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Caesars welcomes Japan approach to casino regulation

Mark Frissora, president and CEO of Caesars Entertainment, with Jan Jones Blackhurst, EVP for public policy and corporate responsibility, in Japan in March

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Caesars Entertainment, which hopes to apply for a licence to operate an integrated resort in Japan in the future, has praised the Japanese government’s approach to gaming regulation. Caesars expects the country’s first casino licences to be issued in 2020.

Jan Jones Blackhurst, the company’s EVP for public policy and corporate responsibility, told TotallyGaming: “Caesars has been working in Japan for 15 years and we are excited and appreciative that the government appears poised to pass IR regulation and legislation.

“We appreciate the thoughtful process the government has undertaken to ensure the strongest regulatory environment and focus on creating resorts unique to Japanese culture.

“Assuming the legislation passes the upper house, we think the first licences might be awarded in late 2020 with first resorts opening in 2025.”

Jones Blackhurst, a former two-time mayor of Las Vegas, was reacting to news that the lower chamber of the Japanese government had approved the integrated resorts bill, despite opposition from the Constitutional Democratic Party of Japan.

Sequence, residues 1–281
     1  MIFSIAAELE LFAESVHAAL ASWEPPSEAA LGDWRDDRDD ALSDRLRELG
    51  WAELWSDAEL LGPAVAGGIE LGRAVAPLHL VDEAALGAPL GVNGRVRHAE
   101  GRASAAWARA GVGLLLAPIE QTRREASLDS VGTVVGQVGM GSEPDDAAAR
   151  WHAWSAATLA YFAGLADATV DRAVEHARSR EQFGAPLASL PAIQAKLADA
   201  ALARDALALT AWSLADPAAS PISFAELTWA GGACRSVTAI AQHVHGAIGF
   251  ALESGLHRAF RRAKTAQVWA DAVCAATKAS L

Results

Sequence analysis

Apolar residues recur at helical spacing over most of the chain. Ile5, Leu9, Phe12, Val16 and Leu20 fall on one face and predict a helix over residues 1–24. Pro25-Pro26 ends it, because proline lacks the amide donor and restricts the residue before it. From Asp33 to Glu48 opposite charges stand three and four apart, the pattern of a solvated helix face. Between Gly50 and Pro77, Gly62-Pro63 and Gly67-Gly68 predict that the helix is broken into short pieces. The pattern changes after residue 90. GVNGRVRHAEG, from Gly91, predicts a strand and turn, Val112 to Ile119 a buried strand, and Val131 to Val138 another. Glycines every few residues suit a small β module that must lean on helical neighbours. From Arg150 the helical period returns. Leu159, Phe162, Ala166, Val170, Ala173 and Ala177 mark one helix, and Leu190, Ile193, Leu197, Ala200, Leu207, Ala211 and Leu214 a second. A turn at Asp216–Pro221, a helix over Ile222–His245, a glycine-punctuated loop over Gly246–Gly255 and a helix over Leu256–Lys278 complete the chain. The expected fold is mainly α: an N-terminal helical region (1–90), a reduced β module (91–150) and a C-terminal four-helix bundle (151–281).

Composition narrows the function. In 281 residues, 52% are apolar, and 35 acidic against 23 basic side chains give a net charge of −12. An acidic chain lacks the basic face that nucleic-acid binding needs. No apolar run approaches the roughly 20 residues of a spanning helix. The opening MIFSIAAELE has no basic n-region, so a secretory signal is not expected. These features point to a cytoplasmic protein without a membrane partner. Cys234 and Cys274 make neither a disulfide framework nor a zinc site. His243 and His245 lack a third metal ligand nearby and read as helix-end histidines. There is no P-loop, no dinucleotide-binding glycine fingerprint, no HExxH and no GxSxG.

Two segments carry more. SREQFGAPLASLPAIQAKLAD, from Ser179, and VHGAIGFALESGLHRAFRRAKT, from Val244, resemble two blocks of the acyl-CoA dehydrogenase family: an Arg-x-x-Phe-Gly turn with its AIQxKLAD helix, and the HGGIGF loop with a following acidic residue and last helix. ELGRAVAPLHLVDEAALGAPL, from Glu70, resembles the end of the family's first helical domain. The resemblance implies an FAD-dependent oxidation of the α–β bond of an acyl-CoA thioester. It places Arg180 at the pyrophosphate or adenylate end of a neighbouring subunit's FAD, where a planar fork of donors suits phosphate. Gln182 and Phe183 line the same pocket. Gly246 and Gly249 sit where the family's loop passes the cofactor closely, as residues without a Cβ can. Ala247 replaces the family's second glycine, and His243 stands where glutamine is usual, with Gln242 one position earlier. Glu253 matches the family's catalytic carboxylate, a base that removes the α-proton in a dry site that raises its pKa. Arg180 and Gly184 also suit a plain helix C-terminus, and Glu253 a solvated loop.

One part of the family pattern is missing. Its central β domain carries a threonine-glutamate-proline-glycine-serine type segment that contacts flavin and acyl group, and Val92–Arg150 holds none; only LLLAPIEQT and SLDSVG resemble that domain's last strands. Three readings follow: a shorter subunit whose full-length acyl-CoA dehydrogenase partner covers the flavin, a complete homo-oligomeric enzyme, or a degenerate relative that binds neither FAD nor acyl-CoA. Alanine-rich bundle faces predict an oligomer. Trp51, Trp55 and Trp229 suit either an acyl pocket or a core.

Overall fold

The progressed bill proposes residents of Japan will be charged a ¥6,000 (US$54) entrance fee, while foreign visitors enter free of charge. The bill will also restrict Japanese residents to a maximum of three casino visits per week and 10 visits per month.

Concern was expressed that the proposed legislation contains only a proportional cap on floor area dedicated to gaming but no overall limit on resort floor area, meaning – in theory – that there would be no upper limit to the size of casino.

However, Jones Blackhurst suggested that Caesars is comfortable even if a limit is imposed. “Given the size of these large entertainment resorts, we are comfortable with the limited casino floor,” she said, adding: “Our primary focus is world-class entertainment.”

It is widely anticipated that the House of Councillors, the upper chamber of the Japanese Diet, will vote in favour of the IR bill – although it remains to be seen whether that will happen before the current legislative session runs out in mid July.

Source – Igaming world

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